Victor Martinov, Sa Bom
Martinov, Sa Bom Nim is one of a handful Gu Dans (9th degree black belt) in the world. He was promoted by Hwang, Hyun Chul Kwan Jang Nim–the son of Founder Hwang Kee. Martinov, Sa Bom Nim is a charter member who helped bring Hwang Kee, Chang Shi Ja to the United States and helped created the United States Tang Soo Do Moo Duk Kwan Federation, later named the US Soo Bahk Do Moo Duk Kwan Federation. Martinov, Sa Bom Nim spent decades as a member of the Technical Advisory Committee and is now a member of the Senior Advisory Committee and acts as a personal advisor to Hwang, Hyun Chul Kwan Jang Nim. His contributions and reach spans the entire United States and is considered the Grandfather of Region 8. Many of the lessons learned include: Unbendable Arm Technique, Aikido-style footwork such as step and a half pivot, Effective Knife Defenses, and a sense of natural heaviness in your technique. The list will go on and on.
Martinov, Sa Bom Nim was a direct student of Master Norris until Master Norris decided to leave the Moo Duk Kwan. He took Moonitz Sa Bom Nim as a student and came in direct contact with Hwang Kee, Chang Shi Ja.
Jeff Moonitz, Sa Bom
Moonitz, Sa Bom Nim is currently a Pal Dan (8th degree black belt) and was promoted this honorary rank by Hwang, Hyun Chul Kwan Jang Nim. Like Martinov, Sa Bom Nim, he was an original charter member, who helped found the US Tang Soo Do Moo Duk Kwan Federation. He currently sits as a Hu Kyun In, or Guardian of the Art and is an advisor to the current Technical Advisory Committee. Moonitz, Sa Bom Nim was on the sparring team under Master Norris and was a very successful competitor. After Master Norris left the Moo Duk Kwan, Moonitz, Sa Bom Nim began training under the direction of Martinov, Sa Bom Nim while running his own successful school as a red belt.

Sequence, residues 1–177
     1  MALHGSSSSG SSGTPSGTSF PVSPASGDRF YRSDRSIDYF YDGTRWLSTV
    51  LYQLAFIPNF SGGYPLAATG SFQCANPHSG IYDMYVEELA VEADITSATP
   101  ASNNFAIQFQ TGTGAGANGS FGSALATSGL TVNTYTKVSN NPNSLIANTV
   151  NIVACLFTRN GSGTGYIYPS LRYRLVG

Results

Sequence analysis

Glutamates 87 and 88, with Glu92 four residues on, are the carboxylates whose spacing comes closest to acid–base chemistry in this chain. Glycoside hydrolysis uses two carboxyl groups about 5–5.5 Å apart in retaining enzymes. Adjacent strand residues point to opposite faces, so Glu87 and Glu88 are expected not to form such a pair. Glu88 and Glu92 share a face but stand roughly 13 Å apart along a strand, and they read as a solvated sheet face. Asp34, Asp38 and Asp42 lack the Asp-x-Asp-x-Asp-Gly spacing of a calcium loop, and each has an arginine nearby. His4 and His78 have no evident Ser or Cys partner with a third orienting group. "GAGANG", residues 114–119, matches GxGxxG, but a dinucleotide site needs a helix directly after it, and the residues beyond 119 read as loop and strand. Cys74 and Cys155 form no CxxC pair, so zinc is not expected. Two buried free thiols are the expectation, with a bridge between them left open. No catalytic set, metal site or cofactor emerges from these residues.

Moonitz, Sa Bom Nim is well known for creating within our Region the Tae Kuk breathing exercises. Being a successful tournament fighter, Moonitz, Sa Bom Nim has also taught his students his signature, high speed round kick and reverse punch.
Oliver Whitcomb, Sa Bom
Oliver Whitcomb, Sa Bom Nim is my personal instructor from Hailey, Idaho. Where I am today is because of him and his mentorship over the years. He is currently a Yuk Dan (6th Dan) and is the Regional Examiner for Region 8. Whitcomb, Sa Bom Nim is known for his strong moo do and unique conditioning techniques. He received a BA from the University of Washington in East Asian Studies and speaks Korean.
The Future of Ryu Pa
Luckily, the art continues to evolve in a natural direction. A special thanks to all of the individuals listed for their sacrifices and contributions to the art of Soo Bahk Do Moo Duk Kwan. Many of them have dedicated their life to this art and have greatly influenced the natural progression of Ryu Pa through their leadership. As the rising Gups, Dans and Ko Dan Ja continue on their moo do path, may we remember to train hard, maintain perspective of our unique history, and dedicate ourselves to the preservation and natural development of Ryu Pa into the future.
If you have a personal memory, story, or lesson learned related to anyone listed in this article, please post a comment.